International trade developments are driven in part by consumers who are looking for choice and continuous availability of fresh foods that can be flown half way around the world to appear in the fresh produce section of a supermarket. This is in contrast to years ago when fresh produce was mostly locally sourced and seasonal. The source of many of these products is in developing countries where the level of automation is low and there is a high level of manual contact with food. This is the environment with which we, the food industry, are faced and to which we must respond.

Hygiene & Company Strategy
So, where is the strategy debate? We all know that hygiene is important – so what’s the issue? A definition of strategic choice might be – “The set of functional competencies, assets, skills and synergies which under-pin the product/market investment strategies in order to fulfil the corporate mission.” If there is an emphasis here on enjoyable food and drink, this clearly has to be underpinned with the solid foundation of a good hygiene programme being built into company strategy. Without this consumers cannot trust brands to be safe and their expectations cannot be met.

Hygiene should be built into the fundamental business strategy for any food company. Well run hygiene standards give peace of mind and are cost effective. Hygiene, as part of a company strategy, is likely to be based on the Codex model and will be evidenced through a whole number of elements from hygienically designed equipment to well organised sanitation programmes and will encompass trained employees who consistently behave in a hygienic manner. We can consider each of the main elements of the Codex Alimentarius: Food Hygiene Basic Texts.

Primary Production
The Codex rationale for the adoption of a hygiene strategy in this area is in order to “reduce the likelihood of introducing a hazard that may adversely affect the safety of food, or its suitability for consumption at later stages of the food chain”. Primary production is the start of the supply chain and the area where consumers are most likely to perceive fresh food as healthy, wholesome and safe. It is also the area most likely to impact on the world trade of commodity items and also fresh non-local seasonal produce. An exporting nation could plan its hygiene strategy in order to impact on commerce by marketing its hygiene.

Facility & Design
As an up-front strategy, attention must be given to appropriate location, good hygienic design and construction and the provision of hygienic facilities such that hygiene is given a high priority enabling the hazards to be effectively controlled. This is very much part of the prerequisite support that a successful HACCP system needs to have in place.

Control of Operation
The definition of food hygiene as described by Codex includes measures necessary to ensure both the safety and suitability of food so HACCP can be used as an approach. In order to meet this objective the scope of HACCP would need to be extended beyond significant hazard control only. This can be achieved through implementation of pre-requisite programmes which, in any case, are seen as a foundation to the application of HACCP.

Maintenance & Sanitation
This is an extremely important aspect of any hygiene control programme and an area that can often be overlooked given that sanitation frequently occurs on a night shift and, if not given a high profile, is often given a low priority. A strategy that raises the profile is far sighted. There are many examples of food safety (and spoilage) recalls that are a result of poor sanitation. A good programme should be efficient and cost effective with clear standards and verification.

Personal Hygiene
The hygiene of a business will only ever be as good as the behaviour of the people who work within it, and as a major source of cross-contamination, either directly or indirectly, it is essential that the company is able to rely on a consistent hygienic behaviour from the workforce. A thinking and well trained workforce can be a real competitive advantage but to achieve this there needs to be a clear insightful company strategy relating to training and behavioural control.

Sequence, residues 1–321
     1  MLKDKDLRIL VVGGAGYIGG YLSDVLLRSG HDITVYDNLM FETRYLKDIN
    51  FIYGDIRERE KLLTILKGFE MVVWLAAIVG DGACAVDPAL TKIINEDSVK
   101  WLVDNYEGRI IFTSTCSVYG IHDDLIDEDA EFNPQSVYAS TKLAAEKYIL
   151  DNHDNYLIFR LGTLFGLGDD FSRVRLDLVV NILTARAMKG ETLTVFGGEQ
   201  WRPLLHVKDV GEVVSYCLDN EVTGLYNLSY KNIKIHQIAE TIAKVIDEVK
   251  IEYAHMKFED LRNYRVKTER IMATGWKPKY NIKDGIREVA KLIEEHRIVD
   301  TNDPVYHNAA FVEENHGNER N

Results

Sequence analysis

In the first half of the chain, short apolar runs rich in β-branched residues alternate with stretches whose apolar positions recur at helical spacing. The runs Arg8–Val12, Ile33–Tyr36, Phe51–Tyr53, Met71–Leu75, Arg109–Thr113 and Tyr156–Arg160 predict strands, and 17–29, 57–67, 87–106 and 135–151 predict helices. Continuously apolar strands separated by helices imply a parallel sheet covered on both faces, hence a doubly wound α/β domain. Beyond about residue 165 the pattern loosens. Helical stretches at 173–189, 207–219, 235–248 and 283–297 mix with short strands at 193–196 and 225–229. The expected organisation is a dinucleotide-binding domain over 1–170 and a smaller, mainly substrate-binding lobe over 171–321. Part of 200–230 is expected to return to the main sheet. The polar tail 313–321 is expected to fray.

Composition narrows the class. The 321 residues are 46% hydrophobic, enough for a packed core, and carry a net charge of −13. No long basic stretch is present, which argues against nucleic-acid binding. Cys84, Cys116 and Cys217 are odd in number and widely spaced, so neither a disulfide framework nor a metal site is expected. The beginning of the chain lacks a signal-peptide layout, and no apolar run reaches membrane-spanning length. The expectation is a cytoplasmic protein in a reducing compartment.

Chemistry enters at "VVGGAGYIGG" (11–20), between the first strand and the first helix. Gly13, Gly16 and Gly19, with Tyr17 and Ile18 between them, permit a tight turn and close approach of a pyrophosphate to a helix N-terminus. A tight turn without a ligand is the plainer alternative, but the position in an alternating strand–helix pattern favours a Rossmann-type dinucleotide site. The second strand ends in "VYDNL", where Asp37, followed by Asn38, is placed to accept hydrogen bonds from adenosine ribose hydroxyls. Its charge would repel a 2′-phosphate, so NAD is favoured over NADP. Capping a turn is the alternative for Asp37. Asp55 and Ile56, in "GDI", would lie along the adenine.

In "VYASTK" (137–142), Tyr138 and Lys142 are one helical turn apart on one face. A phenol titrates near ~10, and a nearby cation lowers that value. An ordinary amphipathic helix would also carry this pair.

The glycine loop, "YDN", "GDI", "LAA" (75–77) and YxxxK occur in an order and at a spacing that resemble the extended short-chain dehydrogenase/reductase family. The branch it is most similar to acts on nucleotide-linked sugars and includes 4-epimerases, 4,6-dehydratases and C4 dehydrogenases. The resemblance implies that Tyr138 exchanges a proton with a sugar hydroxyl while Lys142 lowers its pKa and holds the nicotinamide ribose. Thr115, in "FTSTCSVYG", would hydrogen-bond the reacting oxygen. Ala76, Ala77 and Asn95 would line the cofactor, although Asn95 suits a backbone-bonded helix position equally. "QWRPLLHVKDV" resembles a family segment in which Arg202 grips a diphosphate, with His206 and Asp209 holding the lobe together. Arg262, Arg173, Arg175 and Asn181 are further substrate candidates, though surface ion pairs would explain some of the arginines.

Clean vehicles are important not just from an external packaging contamination point of view, but also for prevention of taint. Pack damage can result in food safety or spoilage issues and can certainly lead to customer dissatisfaction and loss of repeat sales.

Product Information & Consumer Awareness
Pack labelling can be used to communicate with the consumer. Leaflets are also used, particularly by retailers and governments, in order to impart food safety information. However, this is a strategic choice on the part of the company concerned given the number of mandatory labelling requirements that already exist.

Training is essential at all levels in the organisation if food safety is to be assured. Hygiene training is recommended as a legal requirement for food handlers in many countries. However, if managers are not trained to a deeper level of understanding then control can be ineffective and hygienic behaviour will not be sustained following operator level training. Training and education should be considered through a needs assessment at all levels of the organisation. Training should be linked to the company’s objectives and, therefore, become part of a long term strategic plan.

Incorporation of hygiene principles, as laid down by Codex, at the start-up phase of a food business can be an investment worth making. Many businesses begin life in premises that were not purpose built or find themselves in premises that have evolved over time and are not ideal in either fabric or layout. Choosing to build hygiene into business strategy at an early stage will ensure that, as the premises are constructed, refurbished or added to, then the correct standards are incorporated.

Competitive Advantage
A company that recognises that it needs to build hygiene into its strategy is clearly committed to food safety. But can hygiene also be used as a competitive tool? A definition of a competitive tool might include – “A device to expose the relative strengths and weaknesses in the performance, assets or skills of competitors. A leverage point which can be exploited to enter a market or to create a barrier to entry for others.” Competitive companies can be viewed as those who have an unique proposition over and above their competitors or alternatively those who are cost effective and efficient.